Standard Chartered Bank chairman eats humble pie
Someone has evidently had a word in the ear of Standard Chartered Bank chairman Sir John Peace, which has resulted in him having to make an embarrassing retraction. He has released a statement to the London and Hong Kong stock exchanges in which he says that in the press conference that followed the announcement of the bank's annual results at the beginning of March "I made certain statements that I very much regret and that were at best inaccurate".
He explains that he had been asked a question about lower employee bonuses and the fine that the bank paid to the US Department of Justice and the New York County District Attorney's Office in December last year. It will be recalled that the bank agreed to pay a US$340 million fine after it was accused of scheming with Iran to hide transactions worth billions of dollars from the US authorities. Responding to the question, Peace said: "We had no wilful act to avoid sanctions; you know, mistakes are made - clerical errors - and we talked about last year a number of transactions which clearly were clerical errors or mistakes that were made."
However, his attempt to downplay the incident backfired badly and he admits in the statement that "my statement that SCB 'had no wilful act to avoid sanctions' was wrong, and directly contradicts SCB's acceptance of responsibility in the deferred prosecution agreement and accompanying factual statement".
According to the Department of Justice, Standard Chartered "has accepted responsibility for its criminal conduct and that of its employees".
It seems odd that the chairman of the bank wasn't aware of what it had agreed to in New York.
Robert Friedland's new big thing
Mining industry rock star Robert Friedland doesn't do things by halves. He is the former chairman of Ivanhoe Mines, which discovered the huge mineral deposits at Oyu Tolgoi in the South Gobi desert in Mongolia. He has described it "as one of the largest finds in mining history". Friedland left the company last year after Rio Tinto moved in and is now focused on the recently listed Ivanplats, of which he is chairman. It held three world-class deposits, he told the Mines and Money conference in his keynote presentation yesterday. One of them is Platreef, a platinum, palladium rhodium, nickel, copper deposit in South Africa. "We are confident in saying it is the most significant mechanically mineable precious metals mineral discovery on a global scale in the past 100 years." Second is the Kipushi project in the Democratic Republic of the Congo. "It's the richest zinc and copper mine in the world." Third, also in the DRC, is the Kamoa copper project. "I believe it is the richest and largest copper discovery in the world," he said with his usual measured understatement. Asked to comment on political risk in South Africa and the DRC, he said he far preferred mining in these countries than Canada or Australia. "Don't you believe what you read in newspapers … Newspapers are just good for wrapping up dead fish. South Africa is one of the greatest mining countries in the world … the government is just looking for a new paradigm where the local people can participate in the wealth on which they are sitting." He wondered how people could trust the highly indebted US government, which in the 1930s made it illegal to hold gold. Then, with a swipe at Australian Prime Minister Julia Gillard, he brought a big laugh from the audience with: "Do you trust the redhead in Australia?" He concluded that "the safest places to mine are the countries with the richest assets".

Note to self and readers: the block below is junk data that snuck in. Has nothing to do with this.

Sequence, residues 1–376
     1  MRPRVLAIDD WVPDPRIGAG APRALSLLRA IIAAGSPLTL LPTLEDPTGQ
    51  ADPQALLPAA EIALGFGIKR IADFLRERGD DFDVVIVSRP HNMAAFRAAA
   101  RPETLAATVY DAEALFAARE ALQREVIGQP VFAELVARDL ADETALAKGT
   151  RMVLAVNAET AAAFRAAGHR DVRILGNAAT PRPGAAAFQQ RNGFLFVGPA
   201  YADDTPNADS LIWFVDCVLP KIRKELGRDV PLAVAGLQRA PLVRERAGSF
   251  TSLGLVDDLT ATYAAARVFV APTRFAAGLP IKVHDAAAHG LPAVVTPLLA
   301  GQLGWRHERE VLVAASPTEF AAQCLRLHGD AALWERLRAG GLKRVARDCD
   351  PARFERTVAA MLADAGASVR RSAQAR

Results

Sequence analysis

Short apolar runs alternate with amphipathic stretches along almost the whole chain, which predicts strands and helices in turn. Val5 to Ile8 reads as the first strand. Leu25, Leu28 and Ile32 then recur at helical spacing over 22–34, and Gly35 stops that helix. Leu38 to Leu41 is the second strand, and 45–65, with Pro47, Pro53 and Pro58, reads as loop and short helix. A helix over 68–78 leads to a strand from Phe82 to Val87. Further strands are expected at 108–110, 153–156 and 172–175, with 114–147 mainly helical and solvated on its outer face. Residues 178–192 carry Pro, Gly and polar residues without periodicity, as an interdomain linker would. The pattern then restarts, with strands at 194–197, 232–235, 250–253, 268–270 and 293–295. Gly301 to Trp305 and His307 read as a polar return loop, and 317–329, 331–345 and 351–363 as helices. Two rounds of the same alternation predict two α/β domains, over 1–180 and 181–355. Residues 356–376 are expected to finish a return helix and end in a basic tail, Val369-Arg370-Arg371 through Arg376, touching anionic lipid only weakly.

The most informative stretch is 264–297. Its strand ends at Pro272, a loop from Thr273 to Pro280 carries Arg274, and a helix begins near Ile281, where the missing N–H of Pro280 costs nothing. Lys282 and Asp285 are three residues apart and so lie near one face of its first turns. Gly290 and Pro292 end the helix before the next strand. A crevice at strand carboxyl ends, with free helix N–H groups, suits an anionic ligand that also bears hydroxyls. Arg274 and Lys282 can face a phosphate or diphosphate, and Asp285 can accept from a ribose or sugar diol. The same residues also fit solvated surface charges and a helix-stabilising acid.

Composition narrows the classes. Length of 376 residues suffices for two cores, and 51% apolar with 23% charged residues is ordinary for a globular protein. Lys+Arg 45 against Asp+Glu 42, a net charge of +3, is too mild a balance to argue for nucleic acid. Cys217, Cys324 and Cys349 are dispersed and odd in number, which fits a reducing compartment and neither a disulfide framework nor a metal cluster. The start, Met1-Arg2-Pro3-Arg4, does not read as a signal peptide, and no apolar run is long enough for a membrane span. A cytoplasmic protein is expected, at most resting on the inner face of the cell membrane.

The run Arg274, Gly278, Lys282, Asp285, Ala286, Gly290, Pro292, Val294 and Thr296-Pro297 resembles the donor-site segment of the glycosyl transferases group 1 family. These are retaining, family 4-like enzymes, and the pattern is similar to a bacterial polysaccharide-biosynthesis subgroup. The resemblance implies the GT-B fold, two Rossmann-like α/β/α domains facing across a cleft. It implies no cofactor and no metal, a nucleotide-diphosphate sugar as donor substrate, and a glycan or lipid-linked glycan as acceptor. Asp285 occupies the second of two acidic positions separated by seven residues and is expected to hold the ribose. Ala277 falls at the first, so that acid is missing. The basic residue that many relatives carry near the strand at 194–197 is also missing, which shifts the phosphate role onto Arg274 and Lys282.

Rafael Hui gets a posting
We see that Rafael Hui Si-yan, the former chief secretary who faces eight charges in a case that also involves the Sun Hung Kai Properties billionaire Kwok brothers, faces a new indignity. The charges Hui faces include misconduct in public office, conspiracy to commit misconduct in public office, furnishing false information and conspiracy to offer an advantage to a public servant. However, the new indignity to which we refer is the heinous offence of being posted in the Foreign Correspondents' Club for non-payment of bills. It is possible that he has been distracted by his present legal problems. Some members have actually spent time in jail but still managed to remain in good standing at least so far as the club was concerned.